Benefits of physical exercise in nature: Exercise enhances both psychological and physiological health, and research shows that connecting with nature can assist a person in relieving stress, improves feelings of revitalization, and increases senses of gratitude, admiration for creation, and interest in the surroundings and environment.
To provide a summary, hiking, or other forms of moderate outdoor exercise can lead to improved outlooks, decreased depression, enhanced physical strength, and can also help a person lift out of a fog of depression or low self-esteem.
From our faith-based standpoint, we recognize that God provides an abundance of opportunity for us to heal and to rebuild emotional, physical, and spiritual wellbeing.
Hiking for healing – we recommend it for our clients, we recommend it for ourselves. Hiking is great for parents who want to help their teens unplug from numerous hours a day online. Hiking is helpful for people struggling with trauma, with divorce, with burdens that seem too heavy to carry at the time. Hiking may also be a social activity and way to nurture relationships and find social relief while also exploring the beautiful outdoors. Lastly, hiking is a terrific way to unwind and de-stress for those who are on the front lines, facing stress, emotional highs and lows, and crisis needs on a regular basis.
Hiking for Healing Fundraiser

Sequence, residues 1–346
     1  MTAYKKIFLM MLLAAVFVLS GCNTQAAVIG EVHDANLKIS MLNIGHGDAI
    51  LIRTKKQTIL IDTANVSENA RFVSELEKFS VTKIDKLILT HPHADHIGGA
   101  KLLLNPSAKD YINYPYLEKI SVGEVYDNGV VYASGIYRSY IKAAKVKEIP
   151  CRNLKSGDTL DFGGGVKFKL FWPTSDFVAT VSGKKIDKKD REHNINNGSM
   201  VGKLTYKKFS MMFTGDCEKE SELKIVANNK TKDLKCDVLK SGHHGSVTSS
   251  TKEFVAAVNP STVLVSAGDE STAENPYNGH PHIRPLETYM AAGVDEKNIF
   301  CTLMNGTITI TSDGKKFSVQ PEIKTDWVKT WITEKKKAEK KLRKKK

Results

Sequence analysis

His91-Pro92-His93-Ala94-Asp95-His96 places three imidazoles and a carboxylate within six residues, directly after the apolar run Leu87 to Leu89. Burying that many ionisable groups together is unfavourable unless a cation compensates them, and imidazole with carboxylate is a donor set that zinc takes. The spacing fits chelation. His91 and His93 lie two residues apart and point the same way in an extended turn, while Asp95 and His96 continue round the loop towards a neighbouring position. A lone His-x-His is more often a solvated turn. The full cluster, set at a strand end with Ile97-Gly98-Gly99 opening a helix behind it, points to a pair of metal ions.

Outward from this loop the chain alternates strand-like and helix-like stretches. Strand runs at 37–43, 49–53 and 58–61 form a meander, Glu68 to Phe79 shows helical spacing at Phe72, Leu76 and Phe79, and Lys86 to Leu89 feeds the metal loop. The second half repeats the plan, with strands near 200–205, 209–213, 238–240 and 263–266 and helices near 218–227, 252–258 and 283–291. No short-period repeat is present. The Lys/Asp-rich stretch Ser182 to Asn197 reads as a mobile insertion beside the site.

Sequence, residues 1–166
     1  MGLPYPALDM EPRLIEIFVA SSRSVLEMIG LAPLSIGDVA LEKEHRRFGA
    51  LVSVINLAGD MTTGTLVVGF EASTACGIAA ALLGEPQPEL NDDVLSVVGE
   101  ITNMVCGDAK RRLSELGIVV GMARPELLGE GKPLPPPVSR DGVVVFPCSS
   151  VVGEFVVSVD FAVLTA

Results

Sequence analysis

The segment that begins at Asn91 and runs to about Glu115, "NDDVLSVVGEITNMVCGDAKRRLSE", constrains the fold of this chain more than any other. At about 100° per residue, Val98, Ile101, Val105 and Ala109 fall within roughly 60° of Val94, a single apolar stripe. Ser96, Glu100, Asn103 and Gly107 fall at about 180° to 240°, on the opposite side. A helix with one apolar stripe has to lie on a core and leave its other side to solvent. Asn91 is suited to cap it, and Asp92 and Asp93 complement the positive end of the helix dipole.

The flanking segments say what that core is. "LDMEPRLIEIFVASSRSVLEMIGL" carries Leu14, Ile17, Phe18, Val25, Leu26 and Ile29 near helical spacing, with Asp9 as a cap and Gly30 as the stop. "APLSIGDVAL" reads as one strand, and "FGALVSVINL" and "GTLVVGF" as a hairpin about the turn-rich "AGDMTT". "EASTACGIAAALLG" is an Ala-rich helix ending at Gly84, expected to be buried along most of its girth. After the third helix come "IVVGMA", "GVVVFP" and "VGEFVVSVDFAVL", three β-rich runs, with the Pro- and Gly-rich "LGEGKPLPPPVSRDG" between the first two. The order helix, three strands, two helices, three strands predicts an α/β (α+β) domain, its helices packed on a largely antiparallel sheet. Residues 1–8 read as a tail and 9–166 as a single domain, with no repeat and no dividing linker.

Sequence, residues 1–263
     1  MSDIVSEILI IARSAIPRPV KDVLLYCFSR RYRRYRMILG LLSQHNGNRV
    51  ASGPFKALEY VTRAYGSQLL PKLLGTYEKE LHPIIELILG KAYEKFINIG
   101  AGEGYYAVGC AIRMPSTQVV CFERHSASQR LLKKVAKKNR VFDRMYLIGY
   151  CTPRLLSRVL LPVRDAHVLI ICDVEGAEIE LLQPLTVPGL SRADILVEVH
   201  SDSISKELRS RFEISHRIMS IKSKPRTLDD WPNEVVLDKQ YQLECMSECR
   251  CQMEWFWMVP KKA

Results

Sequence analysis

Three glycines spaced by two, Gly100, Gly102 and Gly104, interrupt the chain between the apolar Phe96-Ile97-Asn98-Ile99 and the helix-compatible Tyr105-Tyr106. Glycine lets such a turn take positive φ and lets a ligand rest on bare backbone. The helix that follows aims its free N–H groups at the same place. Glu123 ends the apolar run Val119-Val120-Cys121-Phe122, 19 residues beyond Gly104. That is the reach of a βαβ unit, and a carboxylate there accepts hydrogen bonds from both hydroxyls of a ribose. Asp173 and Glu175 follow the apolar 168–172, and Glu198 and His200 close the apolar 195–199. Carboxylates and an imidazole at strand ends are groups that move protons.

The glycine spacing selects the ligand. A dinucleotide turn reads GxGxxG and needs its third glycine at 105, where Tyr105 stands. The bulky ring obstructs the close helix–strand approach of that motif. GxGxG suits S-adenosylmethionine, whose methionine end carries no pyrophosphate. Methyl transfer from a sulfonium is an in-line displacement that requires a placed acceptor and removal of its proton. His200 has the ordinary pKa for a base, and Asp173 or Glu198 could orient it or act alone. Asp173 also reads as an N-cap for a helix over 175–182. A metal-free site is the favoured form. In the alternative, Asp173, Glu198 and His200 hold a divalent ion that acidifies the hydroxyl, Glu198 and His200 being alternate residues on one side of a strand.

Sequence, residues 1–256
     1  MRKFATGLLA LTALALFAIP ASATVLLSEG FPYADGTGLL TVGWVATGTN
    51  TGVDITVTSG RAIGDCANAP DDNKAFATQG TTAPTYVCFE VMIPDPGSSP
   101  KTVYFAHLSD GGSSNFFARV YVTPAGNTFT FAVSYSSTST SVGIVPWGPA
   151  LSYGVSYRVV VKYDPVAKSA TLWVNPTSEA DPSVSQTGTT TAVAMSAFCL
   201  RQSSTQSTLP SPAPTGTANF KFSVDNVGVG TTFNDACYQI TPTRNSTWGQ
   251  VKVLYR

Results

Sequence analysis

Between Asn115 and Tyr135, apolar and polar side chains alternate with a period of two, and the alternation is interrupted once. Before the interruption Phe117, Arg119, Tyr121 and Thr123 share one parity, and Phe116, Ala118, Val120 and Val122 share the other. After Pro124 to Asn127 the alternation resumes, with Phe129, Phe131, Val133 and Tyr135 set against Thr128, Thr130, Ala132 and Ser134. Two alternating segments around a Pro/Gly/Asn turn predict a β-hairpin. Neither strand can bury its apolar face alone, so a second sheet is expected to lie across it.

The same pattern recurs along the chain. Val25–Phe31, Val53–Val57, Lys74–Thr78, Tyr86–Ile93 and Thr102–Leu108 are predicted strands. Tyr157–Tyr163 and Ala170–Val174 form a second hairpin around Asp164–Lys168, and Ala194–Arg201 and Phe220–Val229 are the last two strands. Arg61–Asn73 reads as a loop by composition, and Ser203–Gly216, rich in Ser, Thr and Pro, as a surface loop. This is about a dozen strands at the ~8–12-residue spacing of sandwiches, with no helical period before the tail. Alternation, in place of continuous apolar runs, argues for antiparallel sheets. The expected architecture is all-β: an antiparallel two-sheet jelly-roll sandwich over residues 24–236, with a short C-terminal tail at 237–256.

Would you like to host a fundraiser for a non-profit you applaud or support? Hiking for healing is an ideal way to spread awareness among your friends and to support the efforts of charities. It’s a simple process – simply hand out note cards or make an online flyer with information about the non-profit you’re supporting, and then ask friends to sponsor you a dollar amount per mile you hike on a specific day or week. It’s a fun and effective way to leverage your own continued healing and love for outdoors to help ease the suffering of others.
In the Ozarks, we're blessed with some of the most amazing trails. These trails range from easy to stroll on to moderate and advanced. Hiking for healing is a method of reconnecting with purpose, developing holistic strength and health, and taking time to breathe and process. The added benefit that you go to bed tired at night is a definite plus! I hope you enjoy this small gallery of hiking pictures and trails my family has enjoyed this year. For this Thanksgiving post, the hiking trails of the Ozarks is certainly at the top of my thankful list!
Author: Casey Alvarez Casey is the Founder and Executive Director of GO:61. She enjoys leading community citizens and professionals to find their footing in leveraging their talents and knowledge to combat trafficking. Casey coordinates the GO;61 teams, provides human trafficking training, creates anti-trafficking curriculum, and serves as a victim case manager. Apart from abolitionism, she loves being a wife and mother and enjoys getting away to remote places with her family.